It was my third outfit change before 10 a.m. This time I opted to throw on black athletic shorts and a faded pink t-shirt from a beach trip a few years back—before my husband and I had kids. Fighting back tears I decided I wasn't going to put on anything else nice today; I was utterly frustrated by the sour smell of spit-up on my clothes.

Now it was time to change my darling two month old's outfit. This was his fifth ensemble of the morning (the spit-up terrorized him more than me that day). I rummaged through his drawers, full of onesies and pants. I chose a dinosaur printed top and pants with a triceratops on his bum.

I loosened the opening on the top of the onesie to fit over his head. As I tugged his little arms into the sleeves and hoisted down the front and back to snap it, I noticed it was tight. His rolls were protruding from the sleeves.

I was dumbstruck and looked at his beautiful face—smiling and cooing at me—and decided this outfit must have been in the dryer too long or washed on the hot cycle one too many times. So I grabbed another outfit and ran through the process again. The same outcome. I decided to try a third shirt—little man outgrew that one, too.

I came to the realization that it wasn't my washer or dryer's fault at all.

Rather, amidst the day in and day out routine—nursing, diaper changing, reading, bathing, swaddling—my little boy was growing at lightning fast speed.

He's flourishing—his body and skills are increasing in leaps and bounds. I realized that morning, though, that lately I was too consumed with and frustrated by a little sour milk that I was becoming sour, too. I was wasting too much time wishing away these days that I didn't see how quickly they truly were passing.

I was thinking ahead to the day when I could get up, shower and wear the same outfit for (pause) the. whole. day. That seemed like a magical thought to me.

I was drifting to the day when I wouldn't be forced to do loads upon loads of unending laundry trying to eliminate that smell of spoiled milk from the air.

To when I wouldn't be dragging a bag the size of a small country everywhere I go with multiple outfit changes for both of us.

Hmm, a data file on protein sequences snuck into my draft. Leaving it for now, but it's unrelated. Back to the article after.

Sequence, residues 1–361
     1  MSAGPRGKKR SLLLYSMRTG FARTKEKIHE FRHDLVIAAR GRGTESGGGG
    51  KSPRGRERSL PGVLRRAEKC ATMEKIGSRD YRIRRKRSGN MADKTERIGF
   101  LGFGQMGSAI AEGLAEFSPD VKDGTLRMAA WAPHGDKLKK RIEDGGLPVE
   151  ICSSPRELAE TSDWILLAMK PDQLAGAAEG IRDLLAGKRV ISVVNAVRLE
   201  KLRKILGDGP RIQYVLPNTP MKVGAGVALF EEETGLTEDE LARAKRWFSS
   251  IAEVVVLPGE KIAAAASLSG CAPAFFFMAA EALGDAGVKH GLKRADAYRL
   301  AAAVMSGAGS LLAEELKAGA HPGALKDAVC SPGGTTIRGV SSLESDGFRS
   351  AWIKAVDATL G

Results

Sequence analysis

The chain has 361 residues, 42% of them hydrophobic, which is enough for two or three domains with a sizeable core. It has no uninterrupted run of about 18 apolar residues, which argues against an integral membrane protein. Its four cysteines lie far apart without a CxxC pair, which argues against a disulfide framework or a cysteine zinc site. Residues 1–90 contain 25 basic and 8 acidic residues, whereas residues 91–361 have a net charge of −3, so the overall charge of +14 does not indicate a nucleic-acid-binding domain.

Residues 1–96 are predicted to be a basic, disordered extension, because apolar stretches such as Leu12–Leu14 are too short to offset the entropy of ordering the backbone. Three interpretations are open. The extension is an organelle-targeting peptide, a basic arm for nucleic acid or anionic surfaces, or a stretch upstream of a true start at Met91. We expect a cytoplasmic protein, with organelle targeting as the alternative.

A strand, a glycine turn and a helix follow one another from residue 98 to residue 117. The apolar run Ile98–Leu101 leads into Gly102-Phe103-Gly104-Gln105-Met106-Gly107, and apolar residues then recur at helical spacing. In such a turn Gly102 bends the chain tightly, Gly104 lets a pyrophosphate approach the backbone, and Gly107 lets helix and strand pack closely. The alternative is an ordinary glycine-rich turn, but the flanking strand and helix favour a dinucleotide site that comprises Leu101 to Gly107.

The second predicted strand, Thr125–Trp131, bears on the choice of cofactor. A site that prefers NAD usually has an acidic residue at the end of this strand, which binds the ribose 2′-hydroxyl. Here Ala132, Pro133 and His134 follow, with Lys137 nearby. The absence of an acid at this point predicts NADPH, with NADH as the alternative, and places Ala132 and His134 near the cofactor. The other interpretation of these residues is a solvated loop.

To a time when my schedule would not revolve around nursing, pumping and night feedings.

And amidst all of that hoping and longing, I realized something else: time was cruelly ticking on whether or not I chose to notice.

It took some snug, spit-up free (for now) outfits to open my eyes.

This stage is tough, but I vow to stop wasting my time wallowing in the negative aspects of it. I’m choosing to embrace these beautiful, milk-stained, messy moments in all their glory.

Because, before long, I’ll be showered and perfectly coiffed, but that milk he’s drinking will be from a cup. And those smiles and coos will have turned into eye rolls and words. So, for now, I’m going to drink up this mess, spit-up and all.

Instead of getting myself dolled up for the days we spend inside together, I’m going to temporarily ditch the designer duds and be content in oversized t-shirts; they’re much more comfortable for relaxing, cuddling and drinking up my baby’s sweetness anyway.

Rather than fretting about the mountains of laundry piling ceiling high, I’m going to learn to conquer it as I can, when I can. I don’t want to miss out on those snuggles and smiles—they are all too precious and fleeting.

I’ll continue to lug my carpet bag wherever baby and I go. After all, wardrobe changes can be fun—celebrities seem to enjoy them.

And I promise to you, baby, to savor these delicious, unpredictable days together.

You are changing, growing and learning as each minute passes. Your wiggling will soon turn into a roll, which will change into a crawl and then a walk. I’m blessed to be right here, right now, laying still and looking at you as your smile and laugh fill the room and my heart.

I won’t let anything—least of all some sour milk—spoil that anymore.